So we’ve done slitheries and creepy crawlies. Now it’s time for the tiniest killer of all: disease.
Disease is pretty easy since it’s just dis- + ease. It showed up in the early fourteenth century meaning discomfort or inconvenience rather than an illness (although an illness certainly is a discomfort and an inconvenience) before taking on its modern meaning at the end of the century. It comes from the Old French desaise, which had meanings from discomfort to misfortune to disease. The prefix dis- means lack of or not, and ease is…well, come on, you know this. Makes sense, right? A lack of ease certainly sounds like what a disease does to you.
Sick comes from the Old English seoc, which is pretty much just sick, and before that, the Proto Germanic seukaz. As to where it came from or when exactly it showed up…yeah, no one knows. You should be expecting that by now.
Flu showed up in 1893 as a short form of influenza, which showed up earlier in 1743. It actually comes from Italian, where it’s also influenza and can mean the disease or, seriously, influence. Apparently in Italian, a disease is considered an influence of some higher power. So the flu is the flu because of superstitions. Of course.
Fever comes from the Old English fefor/fefer, fever. Before that, it was the classical Latin febris, fever, which is related to fovere, to heat. It’s possibly related to the Proto Indo European dhegh, burn, and possibly even the Sanskrit bhur, to be restless. Which is interesting, if it’s true, and raises a lot of questions as to where that F sound came from.
Plague showed up in the late fourteenth century as plage, which meant calamity or scourge before settling into its current epidemic definition. It comes from the Old French plage and Late Latin /classical Latin plaga, wound or stroke. It’s probably related to plangere, to lament by beating your breast (I could not make this stuff up) and the Greek plaga, blow (like a hit or strike), which can be traced all the way back to the Proto Indo European plak-, to strike or hit. So plagues strike figuratively, so we use the word for striking literally. All right. Moving on.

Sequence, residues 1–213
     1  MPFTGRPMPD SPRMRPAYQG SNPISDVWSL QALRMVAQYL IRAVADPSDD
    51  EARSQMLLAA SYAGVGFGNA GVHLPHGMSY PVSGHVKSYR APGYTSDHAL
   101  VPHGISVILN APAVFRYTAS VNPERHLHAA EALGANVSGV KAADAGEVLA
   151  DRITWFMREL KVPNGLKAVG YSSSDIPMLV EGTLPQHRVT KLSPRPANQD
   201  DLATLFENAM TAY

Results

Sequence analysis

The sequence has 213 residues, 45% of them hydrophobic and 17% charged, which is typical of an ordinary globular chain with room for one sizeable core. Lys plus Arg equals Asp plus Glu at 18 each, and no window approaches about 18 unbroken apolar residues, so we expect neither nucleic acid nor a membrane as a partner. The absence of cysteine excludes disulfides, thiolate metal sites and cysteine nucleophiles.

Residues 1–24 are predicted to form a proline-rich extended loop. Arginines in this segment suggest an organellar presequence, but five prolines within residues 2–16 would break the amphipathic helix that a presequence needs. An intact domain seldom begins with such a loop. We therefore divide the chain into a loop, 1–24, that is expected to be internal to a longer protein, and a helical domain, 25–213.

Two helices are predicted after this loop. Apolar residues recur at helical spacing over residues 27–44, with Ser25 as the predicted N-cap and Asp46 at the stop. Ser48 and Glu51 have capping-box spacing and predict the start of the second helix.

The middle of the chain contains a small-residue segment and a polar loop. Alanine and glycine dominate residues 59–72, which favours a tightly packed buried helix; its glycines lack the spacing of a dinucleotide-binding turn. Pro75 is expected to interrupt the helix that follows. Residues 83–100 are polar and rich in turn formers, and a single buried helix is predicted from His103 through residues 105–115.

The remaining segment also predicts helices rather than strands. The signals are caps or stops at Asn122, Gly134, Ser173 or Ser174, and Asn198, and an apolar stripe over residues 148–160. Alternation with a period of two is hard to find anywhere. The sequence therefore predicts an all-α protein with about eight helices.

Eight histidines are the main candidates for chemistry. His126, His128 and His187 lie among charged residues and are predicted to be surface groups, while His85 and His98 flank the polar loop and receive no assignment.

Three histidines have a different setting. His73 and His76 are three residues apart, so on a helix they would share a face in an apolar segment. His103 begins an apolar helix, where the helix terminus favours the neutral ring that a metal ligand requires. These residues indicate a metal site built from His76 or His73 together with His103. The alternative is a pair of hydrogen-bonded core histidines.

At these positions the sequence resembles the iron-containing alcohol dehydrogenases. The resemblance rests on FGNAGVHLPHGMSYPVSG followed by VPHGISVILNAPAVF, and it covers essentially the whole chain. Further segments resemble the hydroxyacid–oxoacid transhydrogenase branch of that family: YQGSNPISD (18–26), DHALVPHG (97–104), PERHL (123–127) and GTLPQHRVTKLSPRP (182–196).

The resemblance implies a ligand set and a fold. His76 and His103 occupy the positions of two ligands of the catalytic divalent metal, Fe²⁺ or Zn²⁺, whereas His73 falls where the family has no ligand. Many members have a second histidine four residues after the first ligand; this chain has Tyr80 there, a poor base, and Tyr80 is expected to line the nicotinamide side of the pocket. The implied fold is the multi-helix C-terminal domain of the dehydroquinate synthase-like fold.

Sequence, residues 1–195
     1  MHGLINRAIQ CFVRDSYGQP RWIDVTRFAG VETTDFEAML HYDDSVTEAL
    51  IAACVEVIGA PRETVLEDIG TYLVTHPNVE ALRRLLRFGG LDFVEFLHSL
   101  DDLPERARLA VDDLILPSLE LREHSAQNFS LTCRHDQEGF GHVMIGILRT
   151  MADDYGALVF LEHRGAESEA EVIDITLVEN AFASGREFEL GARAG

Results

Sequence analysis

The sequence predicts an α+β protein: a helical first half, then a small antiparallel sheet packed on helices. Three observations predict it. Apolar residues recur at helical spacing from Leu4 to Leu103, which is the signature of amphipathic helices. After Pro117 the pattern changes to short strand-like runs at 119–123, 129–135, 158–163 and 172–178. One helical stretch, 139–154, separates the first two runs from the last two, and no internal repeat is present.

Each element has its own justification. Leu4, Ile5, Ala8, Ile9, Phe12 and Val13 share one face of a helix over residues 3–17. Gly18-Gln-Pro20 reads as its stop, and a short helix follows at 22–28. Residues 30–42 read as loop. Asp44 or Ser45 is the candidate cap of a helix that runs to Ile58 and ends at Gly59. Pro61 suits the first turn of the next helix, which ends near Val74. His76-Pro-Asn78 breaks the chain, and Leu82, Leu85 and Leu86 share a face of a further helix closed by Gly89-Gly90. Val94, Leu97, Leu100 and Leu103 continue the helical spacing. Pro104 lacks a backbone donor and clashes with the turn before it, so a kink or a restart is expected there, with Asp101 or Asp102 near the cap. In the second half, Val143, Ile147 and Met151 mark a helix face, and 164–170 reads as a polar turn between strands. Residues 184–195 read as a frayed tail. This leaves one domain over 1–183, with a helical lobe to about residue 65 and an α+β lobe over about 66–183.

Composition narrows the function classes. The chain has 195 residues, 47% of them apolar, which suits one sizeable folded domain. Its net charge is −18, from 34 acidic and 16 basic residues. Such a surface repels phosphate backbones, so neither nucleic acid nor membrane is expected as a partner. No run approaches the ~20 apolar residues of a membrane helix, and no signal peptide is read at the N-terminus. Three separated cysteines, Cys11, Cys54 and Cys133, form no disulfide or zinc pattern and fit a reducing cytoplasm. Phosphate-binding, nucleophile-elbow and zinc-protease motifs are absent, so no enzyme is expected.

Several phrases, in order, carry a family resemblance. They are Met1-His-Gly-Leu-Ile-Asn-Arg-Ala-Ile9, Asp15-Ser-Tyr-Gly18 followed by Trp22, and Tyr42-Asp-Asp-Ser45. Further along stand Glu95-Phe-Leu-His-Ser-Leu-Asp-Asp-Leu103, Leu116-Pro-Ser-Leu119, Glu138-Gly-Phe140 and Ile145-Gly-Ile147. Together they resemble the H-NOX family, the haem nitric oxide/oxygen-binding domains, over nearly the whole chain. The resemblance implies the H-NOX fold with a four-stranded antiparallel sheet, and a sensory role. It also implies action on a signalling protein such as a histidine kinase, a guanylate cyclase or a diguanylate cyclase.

Pestilence first showed up in the early fourteenth century, coming from the Old French pestilence, which was a plague, and classical Latin pestilentia, also plague. Pestilentia comes from pestilentem, infected or noxious, and pestis, which means…pest. So pestilence is a pest.
Tony Jebson’s page on the Origins of Old English
The F sound probably came from someone who was really feverish trying to say the word. (You know, like how drunk people slaughter the English language when they talk?)ReplyDelete
1893 for flu - now that's precise.
Seukaz is quite a word. A current day alternate word for a pestilence would have to be a kardashian.ReplyDelete
I know I'm restless when I have a fever...ReplyDelete
Interesting that you didn't include ill. I mention it because I saw something about the development of English, and it talked about how some words were Saxon and others were old English, and they kind of all ended up in English. The example they gave was sick and ill.
Interesting. Especially about flu coming from a word meaning influence. I don't think I'm a good influence when I have flu...ReplyDelete